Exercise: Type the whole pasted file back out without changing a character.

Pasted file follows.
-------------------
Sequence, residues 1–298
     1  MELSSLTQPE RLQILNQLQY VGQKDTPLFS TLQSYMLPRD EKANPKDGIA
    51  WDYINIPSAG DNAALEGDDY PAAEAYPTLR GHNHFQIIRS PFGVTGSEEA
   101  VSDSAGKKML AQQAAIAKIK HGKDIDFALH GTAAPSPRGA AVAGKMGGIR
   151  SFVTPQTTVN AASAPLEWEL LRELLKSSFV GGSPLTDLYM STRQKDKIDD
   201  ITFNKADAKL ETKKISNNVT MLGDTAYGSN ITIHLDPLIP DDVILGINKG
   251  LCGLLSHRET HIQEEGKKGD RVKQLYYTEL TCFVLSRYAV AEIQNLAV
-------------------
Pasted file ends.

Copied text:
Sequence, residues 1–298
     1  MELSSLTQPE RLQILNQLQY VGQKDTPLFS TLQSYMLPRD EKANPKDGIA
    51  WDYINIPSAG DNAALEGDDY PAAEAYPTLR GHNHFQIIRS PFGVTGSEEA
   101  VSDSAGKKML AQQAAIAKIK HGKDIDFALH GTAAPSPRGA AVAGKMGGIR
   151  SFVTPQTTVN AASAPLEWEL LRELLKSSFV GGSPLTDLYM STRQKDKIDD
   201  ITFNKADAKL ETKKISNNVT MLGDTAYGSN ITIHLDPLIP DDVILGINKG
   251  LCGLLSHRET HIQEEGKKGD RVKQLYYTEL TCFVLSRYAV AEIQNLAV